No, a skeptical position is built upon a logically robust and reasonably robust method. Nor are skeptical positions reserved only for those that are outside the mainstream; indeed, skepticiam has usually been associated with the refutation of pet theories or pseudo-scientific views, most of which are usually in the minority.

Wednesday, July 25, 2007

Peering Into the Puddle of Gore’s Melted Scientific Claims (Part 2)

In his Chicago Sun-Times article, James Taylor makes the case against Gore's claims in An Inconvenient Truth by drawing upon some credible sources, but also by drawing on outright fabrications (see last post).

There are, however, some interesting points worth taking seriously. Taylor makes the point that Gore's implied linkage between tornadoes and global warming is faulty. Whether or not these is indeed any research which shows a link between tornado activity and global warming, Gore's point on this matter was intrinsically weak: he showed no evidence for his argument anyway.

Actually, the lack of supporting argument was one of my main problems with the film: it showed a lot of scientific conclusions, but never showed why things work the way they do, or why certain data counts as evidence for this and nor for that, and so on. When I first viewed the film, I remarked that while the message was delivered powerfully, the film's influence as a simple summary of the main issues was never properly clarified. In any summary, the references are left for later, the digging left as an addendum. In my opinion, some people aren't smart enough to realize that a documentary cannot hope to convey all of the information and nuance of its issue of choice; however, the movie's promotion tended to give to viewer the impression that it was the last word, and that it is time to act - not to do more research on your own. While this does not, in principle, invalidate the main conclusions of the film, it does speak to weakness of the film as a presentation and summary. Or, maybe, it speaks to the idea of a science-based documentary filmmaking in general.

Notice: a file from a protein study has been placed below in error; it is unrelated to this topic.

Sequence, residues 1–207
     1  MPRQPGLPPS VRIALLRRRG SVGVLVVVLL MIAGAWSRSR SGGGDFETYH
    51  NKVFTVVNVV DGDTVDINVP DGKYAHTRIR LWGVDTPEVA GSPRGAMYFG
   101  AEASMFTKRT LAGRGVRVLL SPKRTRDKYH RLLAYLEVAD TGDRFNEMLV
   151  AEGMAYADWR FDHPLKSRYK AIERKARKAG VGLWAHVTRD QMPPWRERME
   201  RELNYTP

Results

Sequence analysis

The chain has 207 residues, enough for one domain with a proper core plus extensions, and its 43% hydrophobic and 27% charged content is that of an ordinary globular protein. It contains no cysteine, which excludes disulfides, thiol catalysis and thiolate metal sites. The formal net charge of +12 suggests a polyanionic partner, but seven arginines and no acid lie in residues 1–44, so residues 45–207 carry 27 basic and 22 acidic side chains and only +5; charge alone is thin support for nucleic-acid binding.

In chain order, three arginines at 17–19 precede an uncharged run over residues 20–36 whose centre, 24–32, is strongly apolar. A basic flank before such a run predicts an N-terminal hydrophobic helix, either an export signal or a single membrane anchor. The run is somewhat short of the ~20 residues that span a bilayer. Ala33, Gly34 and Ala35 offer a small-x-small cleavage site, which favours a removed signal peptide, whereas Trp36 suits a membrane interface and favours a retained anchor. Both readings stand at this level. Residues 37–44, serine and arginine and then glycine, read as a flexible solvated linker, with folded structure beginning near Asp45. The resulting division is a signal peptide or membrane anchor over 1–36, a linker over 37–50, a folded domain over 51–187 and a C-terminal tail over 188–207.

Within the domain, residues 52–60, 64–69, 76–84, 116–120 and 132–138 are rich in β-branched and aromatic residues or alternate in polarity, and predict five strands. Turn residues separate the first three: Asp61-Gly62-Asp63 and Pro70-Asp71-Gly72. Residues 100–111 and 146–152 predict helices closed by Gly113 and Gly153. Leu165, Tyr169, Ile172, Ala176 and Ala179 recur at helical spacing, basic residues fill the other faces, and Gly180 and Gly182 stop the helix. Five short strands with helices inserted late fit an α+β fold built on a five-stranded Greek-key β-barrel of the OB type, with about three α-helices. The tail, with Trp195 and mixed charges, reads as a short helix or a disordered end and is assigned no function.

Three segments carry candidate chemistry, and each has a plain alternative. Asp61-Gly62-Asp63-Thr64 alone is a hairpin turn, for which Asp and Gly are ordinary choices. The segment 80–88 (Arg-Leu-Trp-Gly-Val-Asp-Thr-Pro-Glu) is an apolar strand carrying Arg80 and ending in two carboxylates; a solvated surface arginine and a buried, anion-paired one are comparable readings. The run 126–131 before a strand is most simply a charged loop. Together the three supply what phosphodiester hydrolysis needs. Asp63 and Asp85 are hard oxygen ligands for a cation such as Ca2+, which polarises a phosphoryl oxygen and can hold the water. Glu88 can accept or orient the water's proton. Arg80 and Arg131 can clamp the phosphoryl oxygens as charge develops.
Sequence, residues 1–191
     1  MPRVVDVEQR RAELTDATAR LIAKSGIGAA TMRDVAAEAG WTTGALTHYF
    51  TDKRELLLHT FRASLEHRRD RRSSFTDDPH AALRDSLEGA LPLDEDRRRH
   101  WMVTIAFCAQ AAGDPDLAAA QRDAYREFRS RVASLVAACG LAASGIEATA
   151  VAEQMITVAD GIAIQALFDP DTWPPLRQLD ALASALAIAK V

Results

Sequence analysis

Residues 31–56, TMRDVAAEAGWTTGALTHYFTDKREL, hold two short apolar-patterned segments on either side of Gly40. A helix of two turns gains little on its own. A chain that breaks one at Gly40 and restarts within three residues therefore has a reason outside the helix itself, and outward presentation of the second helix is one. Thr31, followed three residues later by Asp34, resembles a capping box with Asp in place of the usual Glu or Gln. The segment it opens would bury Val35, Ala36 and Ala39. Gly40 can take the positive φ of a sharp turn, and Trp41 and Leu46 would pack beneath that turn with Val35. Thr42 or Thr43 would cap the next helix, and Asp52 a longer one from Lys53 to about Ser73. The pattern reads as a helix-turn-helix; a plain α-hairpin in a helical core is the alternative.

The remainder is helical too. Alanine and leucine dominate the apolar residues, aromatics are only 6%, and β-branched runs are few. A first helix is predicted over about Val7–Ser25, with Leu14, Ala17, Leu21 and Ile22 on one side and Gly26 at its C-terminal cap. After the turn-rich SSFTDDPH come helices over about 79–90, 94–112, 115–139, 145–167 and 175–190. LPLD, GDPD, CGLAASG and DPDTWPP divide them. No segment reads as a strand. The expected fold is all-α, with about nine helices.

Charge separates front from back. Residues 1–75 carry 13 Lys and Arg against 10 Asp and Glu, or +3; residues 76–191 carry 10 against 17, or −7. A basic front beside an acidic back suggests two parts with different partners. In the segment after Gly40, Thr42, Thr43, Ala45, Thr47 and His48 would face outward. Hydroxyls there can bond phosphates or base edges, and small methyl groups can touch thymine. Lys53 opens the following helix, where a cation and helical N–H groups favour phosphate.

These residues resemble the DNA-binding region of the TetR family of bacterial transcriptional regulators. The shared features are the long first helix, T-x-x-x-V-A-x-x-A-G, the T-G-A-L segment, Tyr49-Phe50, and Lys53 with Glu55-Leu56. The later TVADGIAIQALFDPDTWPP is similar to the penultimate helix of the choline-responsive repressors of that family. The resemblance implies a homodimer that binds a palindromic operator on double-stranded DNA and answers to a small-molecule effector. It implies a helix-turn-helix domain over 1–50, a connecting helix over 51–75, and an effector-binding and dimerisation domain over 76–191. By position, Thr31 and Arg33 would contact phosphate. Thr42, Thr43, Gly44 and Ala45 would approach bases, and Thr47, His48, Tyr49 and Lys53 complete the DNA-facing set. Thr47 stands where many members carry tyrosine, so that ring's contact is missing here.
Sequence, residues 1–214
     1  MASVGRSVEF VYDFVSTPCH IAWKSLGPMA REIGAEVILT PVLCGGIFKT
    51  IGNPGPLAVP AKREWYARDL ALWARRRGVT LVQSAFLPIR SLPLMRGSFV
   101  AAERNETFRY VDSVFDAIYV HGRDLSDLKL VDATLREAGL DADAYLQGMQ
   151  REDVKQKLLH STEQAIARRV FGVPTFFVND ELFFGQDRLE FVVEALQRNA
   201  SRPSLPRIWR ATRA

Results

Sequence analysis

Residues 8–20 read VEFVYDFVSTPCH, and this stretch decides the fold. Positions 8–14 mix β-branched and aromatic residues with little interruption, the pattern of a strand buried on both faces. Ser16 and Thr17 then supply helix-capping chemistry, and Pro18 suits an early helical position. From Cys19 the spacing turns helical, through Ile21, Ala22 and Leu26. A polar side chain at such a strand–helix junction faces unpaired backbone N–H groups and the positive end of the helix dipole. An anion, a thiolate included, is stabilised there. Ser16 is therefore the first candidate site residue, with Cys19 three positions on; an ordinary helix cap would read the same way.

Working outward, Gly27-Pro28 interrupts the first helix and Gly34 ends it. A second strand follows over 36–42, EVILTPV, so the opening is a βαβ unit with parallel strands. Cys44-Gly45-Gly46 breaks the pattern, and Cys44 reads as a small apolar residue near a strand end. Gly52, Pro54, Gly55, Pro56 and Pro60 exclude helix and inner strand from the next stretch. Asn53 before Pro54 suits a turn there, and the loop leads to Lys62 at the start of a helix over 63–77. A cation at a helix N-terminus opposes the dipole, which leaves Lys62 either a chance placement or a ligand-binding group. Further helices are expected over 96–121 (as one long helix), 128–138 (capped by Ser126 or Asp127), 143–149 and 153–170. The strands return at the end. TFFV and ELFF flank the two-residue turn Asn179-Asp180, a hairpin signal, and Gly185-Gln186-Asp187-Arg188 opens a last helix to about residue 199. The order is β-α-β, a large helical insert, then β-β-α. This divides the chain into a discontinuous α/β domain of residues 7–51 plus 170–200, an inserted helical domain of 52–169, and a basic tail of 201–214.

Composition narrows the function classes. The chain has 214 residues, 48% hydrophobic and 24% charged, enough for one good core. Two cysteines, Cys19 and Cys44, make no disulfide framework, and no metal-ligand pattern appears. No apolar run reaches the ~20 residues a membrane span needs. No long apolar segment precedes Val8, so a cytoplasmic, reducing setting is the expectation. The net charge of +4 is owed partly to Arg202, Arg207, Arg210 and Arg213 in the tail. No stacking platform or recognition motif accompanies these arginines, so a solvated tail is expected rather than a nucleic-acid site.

Deserts Retreating?

Taylor notes that, contrary to what Gore claims (and I can't remember what Gore claimed) about drying regions of Africa, certain regions of the southern Sahara and the Sahel have seen a retreat in the extent of the desert, and that the area has been wetter than previous years, according to research reported on in NewScientist. Setting aside the fact that the article is not up to date (it's from 2002), and setting aside the fact that the article did not attribute African desert retreat to, say, a global cooling, NewScientist recently published a piece claiming just the opposite of what Taylor cites: African semi-arid regions are becoming much drier. It is clear that there is too much nuance in this issue to relegate discussion to generalizations about what the climate is doing or will do, although pure and unfiltered research can give us a glimpse of what trends are clear and what this means in regards to global warming.


This is yet another aspect of Gore's film that probably could have been better explained, and the dynamics between glacial trends and climate trends elucidated. (Then again, consider the difficulty in keeping the film nuanced.) The melting of Kilimanjaro and its attribution to global warming is indeed controversial - the paper that Taylor cites is valid, but there is other research and argument in favour for the global warming-Mt. Kilimanjaro link. I wonder, however, if Taylor sees this as evidence that the globe is not warming, which is most certainly is, assuming the data is correct.

Wednesday, July 11, 2007

Addendum to Part 1

As it turns out upon closer investigation and a little digging, the purported quote drawn from the Journal of Climate paper was indeed made up (deliberately or not) - as I had feared.

In his article, James M. Taylor quotes a paper from the esteemed Journal of Climate, which is intended to be shown as evidence that Gore is incorrect in his claims regarding Himalayan glaciers. However, foraging through the actual paper, the purported quote is not a quote at all - none of its words and phrases, nor the entire text itself, can be found amongst its content.